"Proton or any Chinese manufacturer would have to sell their cars at a low price and with good warranty to penetrate regionally," said Yamin Vong, a Malaysian automotive journalist who has covered the industry for more than three decades.

IMAGE PROBLEMS For years, Proton has suffered from the widespread perception that its vehicles are of poor quality, because it lacked the economies of scale, Vong said. Proton's vendors have been squeezed to supply parts at a low price despite the small volume to keep car prices affordable.

Market share of Proton, which was the brainchild of former Prime Minister Mahathir Mohamad, has been declining since its peak in 1993. That year, seven out of 10 cars sold in Malaysia were made by Proton. In the first half of 2017, its market share stood at just 14%.

Geely, which is based in Hangzhou, China, and listed on the Hong Kong stock exchange, plans to manufacture one of its best-selling sport utility vehicles, the Boyue, in Malaysia starting in 2019. The Chinese carmaker, which also owns Sweden's Volvo Cars and London Taxi of the U.K., aims to produce 500,000 cars a year in Malaysia by 2020, with an eye on export markets.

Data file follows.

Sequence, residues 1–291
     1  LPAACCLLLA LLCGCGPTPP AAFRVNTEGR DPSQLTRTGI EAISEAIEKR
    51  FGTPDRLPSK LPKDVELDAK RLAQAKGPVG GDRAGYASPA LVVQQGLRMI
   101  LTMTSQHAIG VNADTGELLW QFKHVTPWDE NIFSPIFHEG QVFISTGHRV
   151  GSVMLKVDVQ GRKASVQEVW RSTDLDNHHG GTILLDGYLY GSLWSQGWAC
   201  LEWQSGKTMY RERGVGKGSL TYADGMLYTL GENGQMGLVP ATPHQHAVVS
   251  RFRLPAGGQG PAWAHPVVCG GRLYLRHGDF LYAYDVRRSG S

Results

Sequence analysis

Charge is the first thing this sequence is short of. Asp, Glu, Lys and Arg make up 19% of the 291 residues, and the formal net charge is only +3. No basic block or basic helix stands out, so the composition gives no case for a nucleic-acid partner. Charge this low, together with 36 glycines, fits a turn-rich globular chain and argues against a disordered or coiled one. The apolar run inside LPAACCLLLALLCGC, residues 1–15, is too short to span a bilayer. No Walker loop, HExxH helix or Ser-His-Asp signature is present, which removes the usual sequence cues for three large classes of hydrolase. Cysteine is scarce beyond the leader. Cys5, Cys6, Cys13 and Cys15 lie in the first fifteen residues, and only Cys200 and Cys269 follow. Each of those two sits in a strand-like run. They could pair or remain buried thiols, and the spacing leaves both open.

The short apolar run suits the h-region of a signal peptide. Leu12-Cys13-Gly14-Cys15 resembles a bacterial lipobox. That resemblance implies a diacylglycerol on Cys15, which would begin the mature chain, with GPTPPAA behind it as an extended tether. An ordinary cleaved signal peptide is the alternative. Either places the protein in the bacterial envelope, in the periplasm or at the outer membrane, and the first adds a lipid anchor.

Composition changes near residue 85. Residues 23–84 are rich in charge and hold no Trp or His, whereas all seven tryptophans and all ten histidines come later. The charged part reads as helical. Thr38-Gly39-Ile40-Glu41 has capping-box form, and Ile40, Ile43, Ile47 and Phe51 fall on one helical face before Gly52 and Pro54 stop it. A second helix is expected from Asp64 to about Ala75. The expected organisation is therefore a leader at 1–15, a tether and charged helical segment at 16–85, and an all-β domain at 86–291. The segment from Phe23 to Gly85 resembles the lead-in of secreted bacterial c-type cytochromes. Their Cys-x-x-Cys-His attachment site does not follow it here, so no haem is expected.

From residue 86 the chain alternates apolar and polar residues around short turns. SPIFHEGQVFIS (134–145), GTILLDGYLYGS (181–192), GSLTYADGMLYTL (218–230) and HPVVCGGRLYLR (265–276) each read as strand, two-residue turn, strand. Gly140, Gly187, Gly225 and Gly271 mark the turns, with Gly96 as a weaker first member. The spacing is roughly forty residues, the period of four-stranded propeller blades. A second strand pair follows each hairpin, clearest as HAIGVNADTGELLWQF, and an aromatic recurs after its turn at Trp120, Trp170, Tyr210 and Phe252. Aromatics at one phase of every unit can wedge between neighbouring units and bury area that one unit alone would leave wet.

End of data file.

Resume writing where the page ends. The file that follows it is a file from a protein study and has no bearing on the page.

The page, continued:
That means Geely-led Proton will have to renegotiate the terms for its future model lineups with the company's existing vendors, who may not be able to object to the terms -- even if the conditions are unfavorable. Some of Proton's vendors have been enjoying political patronage over the years, getting the best deals with government support. As the global auto industry increasingly moves toward hybrid engines and electric cars, which are still at an early stage of development in Malaysia, Geely may choose its own vendors at the expense of existing suppliers.

Li Shufu, left, chairman of Geely and Volvo, and Hakan Samuelsson, Volvo's CEO, in November 2016   © Reuters

Auto industry watchers hope that Geely and the new Proton management, which includes former Volkswagen executive Winfried Vahland as a board member, will bring a much-needed shakeup to narrow the gap in market share and technology between Proton and its competitors.

"Hopefully, Li can change the mindset at Proton, which has all along been used to a protected environment," said Chips Yap, managing editor of Motor Trader, an automotive news portal and vehicles trading platform. Yap, also an auto industry veteran, said Li's appointment was realistic based on his experience in several joint ventures involving Groupe PSA of France, Japan's Honda Motor and Nissan Motor, and Kia Motors of South Korea.

Geely, under its founder and Chairman Li Shufu, has grown to become China's seventh-largest automaker by vehicle sales without much Chinese government support, Yap said, adding that Li Shufu may also want Proton to thrive in the long run without Malaysian government aid.